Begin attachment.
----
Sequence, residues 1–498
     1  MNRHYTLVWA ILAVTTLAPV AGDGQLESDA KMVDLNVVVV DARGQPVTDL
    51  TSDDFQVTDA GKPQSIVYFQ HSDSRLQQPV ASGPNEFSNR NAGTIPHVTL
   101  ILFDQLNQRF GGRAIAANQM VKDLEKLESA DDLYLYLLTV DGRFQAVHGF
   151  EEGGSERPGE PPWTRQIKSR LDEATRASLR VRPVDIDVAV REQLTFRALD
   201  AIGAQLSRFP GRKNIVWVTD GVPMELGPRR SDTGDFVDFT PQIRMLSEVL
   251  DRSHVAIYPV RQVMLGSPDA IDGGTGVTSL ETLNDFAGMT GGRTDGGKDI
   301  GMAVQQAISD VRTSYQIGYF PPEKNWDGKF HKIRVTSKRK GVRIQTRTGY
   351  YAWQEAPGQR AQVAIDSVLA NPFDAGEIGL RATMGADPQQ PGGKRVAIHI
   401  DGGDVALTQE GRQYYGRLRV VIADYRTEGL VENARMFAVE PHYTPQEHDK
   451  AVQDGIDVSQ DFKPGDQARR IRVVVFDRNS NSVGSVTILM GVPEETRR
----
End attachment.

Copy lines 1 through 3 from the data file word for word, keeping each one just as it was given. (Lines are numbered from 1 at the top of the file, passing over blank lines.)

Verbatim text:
Sequence, residues 1–498
     1  MNRHYTLVWA ILAVTTLAPV AGDGQLESDA KMVDLNVVVV DARGQPVTDL
    51  TSDDFQVTDA GKPQSIVYFQ HSDSRLQQPV ASGPNEFSNR NAGTIPHVTL